In dealing with under-tank sump filters, you basically have a choice between two types, or some combination of the two.
The first and simplest type is simply a box (or tank) that often contains a filter sock at the output end of a gravity fed overflow system from the aquarium above to trap large particles, then mechanical filter medium, usually in progressively smaller grades and layered vertically, that catches finer and finer particles from the water as it passes horizontally through to the last area that holds a pump, which returns the filtered water to the aquarium above. Other stages of filtration, such as chemical (as with activated carbon) and biological (as with "bio-balls" or other platform for bacterial growth) are often added after the mechanical filtration. The final area often contains other components, such as a heater, water parameter sensors or other systems that further condition the filtered water (such as adding CO2) before it's returned to the aquarium. A shielded in-line ultraviolet light unit is sometimes inserted between the return pump and the aquarium to further "sterilize" or "clarify" the water to one degree or another.
The second type of sump filtration is the "wet/dry" system, the purpose of which is to saturate the water with as much oxygen as possible so that the growth and activity of nitrifying bacteria is greatly enhanced. The various methods for doing this involve systems where water is passed through stages of filtration similar to those mentioned above, with the difference being that the water is dispersed over the filter medium in droplets or thin sheets, which creates vastly more water surface area, allowing for better gas exchange between the water and air. (This natural gas exchange normally increases the oxygen level and decreases the carbon dioxide level of the water.) The methods of doing this include towers, where the water is dripped through horizontal layers of filter medium (with air spaces between the layers) so that the medium remains wet, but not submerged (hence "wet/dry"), or some other means of achieving the same goal.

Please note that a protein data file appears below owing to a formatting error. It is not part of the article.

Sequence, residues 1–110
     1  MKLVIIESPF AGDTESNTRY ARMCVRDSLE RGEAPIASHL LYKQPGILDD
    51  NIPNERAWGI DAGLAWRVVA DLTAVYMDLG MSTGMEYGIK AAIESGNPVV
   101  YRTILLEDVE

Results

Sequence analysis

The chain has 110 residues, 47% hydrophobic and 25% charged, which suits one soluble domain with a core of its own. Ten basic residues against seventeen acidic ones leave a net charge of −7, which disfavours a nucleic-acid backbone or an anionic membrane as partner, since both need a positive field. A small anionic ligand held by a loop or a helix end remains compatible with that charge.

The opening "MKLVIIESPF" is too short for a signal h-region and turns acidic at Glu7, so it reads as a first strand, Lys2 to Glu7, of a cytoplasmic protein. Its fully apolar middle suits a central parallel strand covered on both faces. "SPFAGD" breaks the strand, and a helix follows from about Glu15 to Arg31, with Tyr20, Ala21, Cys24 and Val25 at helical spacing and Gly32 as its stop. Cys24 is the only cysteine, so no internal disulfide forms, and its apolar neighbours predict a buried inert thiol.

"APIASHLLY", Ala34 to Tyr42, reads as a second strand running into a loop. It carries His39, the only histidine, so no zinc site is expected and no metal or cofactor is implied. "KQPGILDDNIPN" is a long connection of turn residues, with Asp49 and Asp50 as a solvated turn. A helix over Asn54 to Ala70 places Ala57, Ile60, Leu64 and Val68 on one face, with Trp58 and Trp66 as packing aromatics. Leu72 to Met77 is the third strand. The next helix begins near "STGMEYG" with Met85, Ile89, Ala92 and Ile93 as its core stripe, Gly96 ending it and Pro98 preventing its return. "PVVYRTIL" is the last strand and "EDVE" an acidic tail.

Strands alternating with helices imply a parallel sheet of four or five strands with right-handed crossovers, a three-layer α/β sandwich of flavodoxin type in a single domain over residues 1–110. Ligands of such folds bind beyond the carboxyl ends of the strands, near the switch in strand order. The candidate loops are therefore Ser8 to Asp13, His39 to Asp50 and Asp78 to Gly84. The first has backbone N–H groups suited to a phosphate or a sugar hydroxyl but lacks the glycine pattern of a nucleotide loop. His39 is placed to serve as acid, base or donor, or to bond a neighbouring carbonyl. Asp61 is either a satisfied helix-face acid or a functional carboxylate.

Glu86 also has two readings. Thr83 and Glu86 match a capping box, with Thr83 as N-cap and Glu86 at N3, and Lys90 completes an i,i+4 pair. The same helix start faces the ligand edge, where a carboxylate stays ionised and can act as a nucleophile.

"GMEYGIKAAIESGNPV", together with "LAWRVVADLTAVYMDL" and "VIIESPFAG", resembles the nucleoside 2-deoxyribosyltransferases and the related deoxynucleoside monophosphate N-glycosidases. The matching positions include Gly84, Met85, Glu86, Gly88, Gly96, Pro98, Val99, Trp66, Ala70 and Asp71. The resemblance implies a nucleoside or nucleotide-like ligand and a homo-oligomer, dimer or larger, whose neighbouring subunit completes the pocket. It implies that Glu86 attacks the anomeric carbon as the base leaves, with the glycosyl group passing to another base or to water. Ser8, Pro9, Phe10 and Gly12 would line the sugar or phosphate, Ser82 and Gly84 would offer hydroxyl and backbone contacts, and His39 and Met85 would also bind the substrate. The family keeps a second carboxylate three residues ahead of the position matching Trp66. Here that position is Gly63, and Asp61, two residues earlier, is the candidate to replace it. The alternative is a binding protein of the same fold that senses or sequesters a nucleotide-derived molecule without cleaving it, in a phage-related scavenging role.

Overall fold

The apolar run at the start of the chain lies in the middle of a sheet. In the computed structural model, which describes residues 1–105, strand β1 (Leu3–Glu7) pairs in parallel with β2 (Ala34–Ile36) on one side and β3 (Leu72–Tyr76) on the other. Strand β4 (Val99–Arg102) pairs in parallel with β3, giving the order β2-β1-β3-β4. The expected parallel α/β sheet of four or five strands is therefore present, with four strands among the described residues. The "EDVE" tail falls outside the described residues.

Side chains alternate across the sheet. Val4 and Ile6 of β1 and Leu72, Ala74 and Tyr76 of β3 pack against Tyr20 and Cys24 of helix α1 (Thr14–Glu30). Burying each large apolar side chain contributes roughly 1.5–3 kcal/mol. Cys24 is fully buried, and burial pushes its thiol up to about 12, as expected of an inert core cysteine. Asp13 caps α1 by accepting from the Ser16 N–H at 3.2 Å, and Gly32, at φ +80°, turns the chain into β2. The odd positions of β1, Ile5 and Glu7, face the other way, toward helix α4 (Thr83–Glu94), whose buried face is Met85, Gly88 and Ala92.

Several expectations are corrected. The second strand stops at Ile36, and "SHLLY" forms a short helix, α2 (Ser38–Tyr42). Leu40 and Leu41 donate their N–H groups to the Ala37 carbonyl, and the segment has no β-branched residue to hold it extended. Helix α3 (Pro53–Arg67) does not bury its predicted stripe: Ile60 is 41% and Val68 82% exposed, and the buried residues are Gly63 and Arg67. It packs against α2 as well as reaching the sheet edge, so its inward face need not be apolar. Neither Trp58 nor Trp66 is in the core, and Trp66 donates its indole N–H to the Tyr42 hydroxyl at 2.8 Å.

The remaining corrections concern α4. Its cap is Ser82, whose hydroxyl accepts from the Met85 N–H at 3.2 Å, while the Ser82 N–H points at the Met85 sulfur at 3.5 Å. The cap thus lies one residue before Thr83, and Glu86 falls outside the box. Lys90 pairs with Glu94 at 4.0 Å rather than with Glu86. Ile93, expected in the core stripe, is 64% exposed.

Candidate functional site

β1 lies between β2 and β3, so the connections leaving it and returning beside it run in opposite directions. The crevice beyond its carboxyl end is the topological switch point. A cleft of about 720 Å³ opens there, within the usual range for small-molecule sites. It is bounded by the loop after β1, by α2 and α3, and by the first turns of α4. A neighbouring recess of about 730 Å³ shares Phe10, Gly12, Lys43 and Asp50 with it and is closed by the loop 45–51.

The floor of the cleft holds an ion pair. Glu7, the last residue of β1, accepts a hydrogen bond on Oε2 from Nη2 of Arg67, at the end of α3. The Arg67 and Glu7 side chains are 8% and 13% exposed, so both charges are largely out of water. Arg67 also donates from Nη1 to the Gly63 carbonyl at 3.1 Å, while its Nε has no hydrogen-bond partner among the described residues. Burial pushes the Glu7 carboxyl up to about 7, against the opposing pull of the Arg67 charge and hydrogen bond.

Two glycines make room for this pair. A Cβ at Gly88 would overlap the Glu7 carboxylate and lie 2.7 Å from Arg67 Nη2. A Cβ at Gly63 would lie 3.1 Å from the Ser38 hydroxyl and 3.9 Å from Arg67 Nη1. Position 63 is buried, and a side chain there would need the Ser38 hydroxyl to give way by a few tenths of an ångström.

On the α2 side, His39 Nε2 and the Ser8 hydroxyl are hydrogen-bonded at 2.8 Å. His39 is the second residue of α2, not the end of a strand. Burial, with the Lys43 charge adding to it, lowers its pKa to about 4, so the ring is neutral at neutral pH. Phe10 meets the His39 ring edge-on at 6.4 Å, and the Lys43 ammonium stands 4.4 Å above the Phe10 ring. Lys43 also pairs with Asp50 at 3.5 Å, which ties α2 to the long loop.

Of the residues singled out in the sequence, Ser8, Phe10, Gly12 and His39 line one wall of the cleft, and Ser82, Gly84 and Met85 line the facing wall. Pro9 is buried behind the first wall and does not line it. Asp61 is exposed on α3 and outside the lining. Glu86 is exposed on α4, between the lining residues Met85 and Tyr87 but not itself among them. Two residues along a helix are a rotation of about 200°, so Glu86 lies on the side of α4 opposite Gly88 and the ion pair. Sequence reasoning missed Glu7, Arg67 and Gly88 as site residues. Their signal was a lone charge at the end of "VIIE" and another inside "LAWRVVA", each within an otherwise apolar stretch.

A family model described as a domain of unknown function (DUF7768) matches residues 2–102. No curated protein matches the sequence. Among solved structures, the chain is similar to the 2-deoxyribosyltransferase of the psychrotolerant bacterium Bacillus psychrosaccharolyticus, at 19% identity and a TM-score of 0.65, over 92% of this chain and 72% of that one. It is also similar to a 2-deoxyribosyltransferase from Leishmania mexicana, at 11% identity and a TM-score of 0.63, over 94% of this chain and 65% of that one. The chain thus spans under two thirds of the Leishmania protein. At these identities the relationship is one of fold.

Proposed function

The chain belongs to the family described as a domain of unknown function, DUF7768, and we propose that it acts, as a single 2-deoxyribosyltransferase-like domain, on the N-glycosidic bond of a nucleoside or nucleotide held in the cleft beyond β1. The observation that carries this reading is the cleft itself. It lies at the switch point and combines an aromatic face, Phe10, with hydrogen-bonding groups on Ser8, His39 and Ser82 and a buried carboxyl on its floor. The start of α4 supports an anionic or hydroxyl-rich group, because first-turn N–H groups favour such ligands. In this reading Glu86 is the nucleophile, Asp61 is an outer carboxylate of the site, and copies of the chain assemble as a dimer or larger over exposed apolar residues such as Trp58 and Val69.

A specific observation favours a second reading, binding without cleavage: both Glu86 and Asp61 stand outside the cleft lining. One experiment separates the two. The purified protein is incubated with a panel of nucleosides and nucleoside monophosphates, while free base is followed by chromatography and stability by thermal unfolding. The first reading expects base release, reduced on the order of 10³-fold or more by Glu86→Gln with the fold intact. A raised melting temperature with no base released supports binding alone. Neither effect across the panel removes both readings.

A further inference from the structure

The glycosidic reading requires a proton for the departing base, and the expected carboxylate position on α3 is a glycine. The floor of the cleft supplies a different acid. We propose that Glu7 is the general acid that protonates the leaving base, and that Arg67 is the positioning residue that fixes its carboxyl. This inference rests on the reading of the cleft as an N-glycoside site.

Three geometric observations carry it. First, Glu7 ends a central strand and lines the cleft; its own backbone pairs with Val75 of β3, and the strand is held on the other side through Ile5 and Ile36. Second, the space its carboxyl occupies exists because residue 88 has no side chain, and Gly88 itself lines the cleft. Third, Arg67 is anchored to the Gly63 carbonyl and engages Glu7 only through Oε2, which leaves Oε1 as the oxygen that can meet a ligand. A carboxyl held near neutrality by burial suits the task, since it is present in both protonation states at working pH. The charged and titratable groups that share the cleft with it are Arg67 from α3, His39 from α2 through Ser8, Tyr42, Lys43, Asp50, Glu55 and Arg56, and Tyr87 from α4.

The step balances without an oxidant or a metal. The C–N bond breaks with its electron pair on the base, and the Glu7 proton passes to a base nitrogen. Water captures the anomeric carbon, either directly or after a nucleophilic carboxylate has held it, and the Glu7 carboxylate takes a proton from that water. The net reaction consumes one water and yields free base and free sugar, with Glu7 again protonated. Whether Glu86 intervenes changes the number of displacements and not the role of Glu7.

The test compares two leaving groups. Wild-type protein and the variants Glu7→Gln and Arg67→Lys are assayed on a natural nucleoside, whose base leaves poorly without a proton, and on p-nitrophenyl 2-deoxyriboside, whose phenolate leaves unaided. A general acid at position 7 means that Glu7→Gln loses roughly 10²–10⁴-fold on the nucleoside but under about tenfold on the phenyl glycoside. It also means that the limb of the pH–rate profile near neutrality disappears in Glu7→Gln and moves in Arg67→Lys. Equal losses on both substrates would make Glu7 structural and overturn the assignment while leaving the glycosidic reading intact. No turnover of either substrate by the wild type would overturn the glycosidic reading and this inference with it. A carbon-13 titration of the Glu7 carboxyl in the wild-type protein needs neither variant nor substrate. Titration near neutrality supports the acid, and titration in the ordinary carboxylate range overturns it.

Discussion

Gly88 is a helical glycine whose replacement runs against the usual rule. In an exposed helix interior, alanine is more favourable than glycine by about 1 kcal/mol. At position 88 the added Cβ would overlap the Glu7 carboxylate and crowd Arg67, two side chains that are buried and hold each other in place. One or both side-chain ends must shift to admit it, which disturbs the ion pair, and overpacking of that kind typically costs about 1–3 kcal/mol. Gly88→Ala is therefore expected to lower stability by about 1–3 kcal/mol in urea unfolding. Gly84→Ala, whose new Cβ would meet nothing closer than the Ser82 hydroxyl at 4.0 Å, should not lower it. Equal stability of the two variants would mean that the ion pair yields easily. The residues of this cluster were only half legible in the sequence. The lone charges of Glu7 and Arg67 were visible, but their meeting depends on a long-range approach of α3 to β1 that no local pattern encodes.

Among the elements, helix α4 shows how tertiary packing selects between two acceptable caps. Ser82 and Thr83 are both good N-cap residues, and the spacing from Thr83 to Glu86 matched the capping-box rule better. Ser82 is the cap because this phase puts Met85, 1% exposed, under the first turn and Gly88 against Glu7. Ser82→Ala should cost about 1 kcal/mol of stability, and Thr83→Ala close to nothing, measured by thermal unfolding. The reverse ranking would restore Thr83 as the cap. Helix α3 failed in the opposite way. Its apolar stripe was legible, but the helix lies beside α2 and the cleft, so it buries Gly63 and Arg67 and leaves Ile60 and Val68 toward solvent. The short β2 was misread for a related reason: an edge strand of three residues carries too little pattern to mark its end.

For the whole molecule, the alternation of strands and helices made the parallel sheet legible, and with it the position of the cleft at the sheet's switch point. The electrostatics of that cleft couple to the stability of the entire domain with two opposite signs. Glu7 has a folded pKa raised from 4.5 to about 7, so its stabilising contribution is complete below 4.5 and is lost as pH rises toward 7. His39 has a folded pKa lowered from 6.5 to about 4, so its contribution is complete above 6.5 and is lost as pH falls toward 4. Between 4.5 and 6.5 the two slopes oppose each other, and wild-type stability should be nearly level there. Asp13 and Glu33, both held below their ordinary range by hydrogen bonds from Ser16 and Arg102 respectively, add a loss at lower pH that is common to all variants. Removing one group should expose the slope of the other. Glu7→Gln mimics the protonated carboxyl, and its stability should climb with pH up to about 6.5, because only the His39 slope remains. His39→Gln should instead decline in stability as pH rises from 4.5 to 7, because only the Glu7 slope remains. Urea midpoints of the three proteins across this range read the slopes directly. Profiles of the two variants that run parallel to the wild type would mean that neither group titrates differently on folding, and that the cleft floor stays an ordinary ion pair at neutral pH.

A sort of "hybrid" of these two systems is achieved by creating chambers of the different filter mediums separated by baffles. The water flows over and under these baffles and through the filter medium, causing turbulence at the surface between the chambers, which results in enhanced gas exchange. While the oxygenation effect and resulting "supercharging" of the bacterial colony is not as great as with the true "wet/dry" system, increased oxygenation and its benefits still occur to some degree.
The wet/dry system is often used with marine aquariums, where a constant high oxygen environment and intense biological filtration are desired to maintain the highest levels of water quality demanded by many ocean-dwelling species. This type of system may also be desirable for a freshwater aquarium in which the focus is on the fauna, and most or all of the flora is strictly decorative and artificial.
In a freshwater planted aquarium, the focus may be evenly divided between flora and fauna, or even skewed more or mainly toward the plants. In this case, a high-oxygen, low-carbon dioxide environment is not preferable, due to the plants' need for carbon dioxide, so the first type of filter is usually chosen because it does not off-gas carbon dioxide through accelerated gas exchange before the water is returned to the aquarium, plus the fact that the breakdown or removal of waste products from the water that is usually thought of as the domain of the beneficial bacteria is, in part, assisted by the plants (and, in fact, the plants benefit from doing this), so the extreme activity of the larger beneficial bacterial colony is not needed.
I think that boils it down to the basics of sump filtration, although having a part of the aquarium environment located out of sight and in a space of it's own also allows for many other options.
"May the Fish be with you."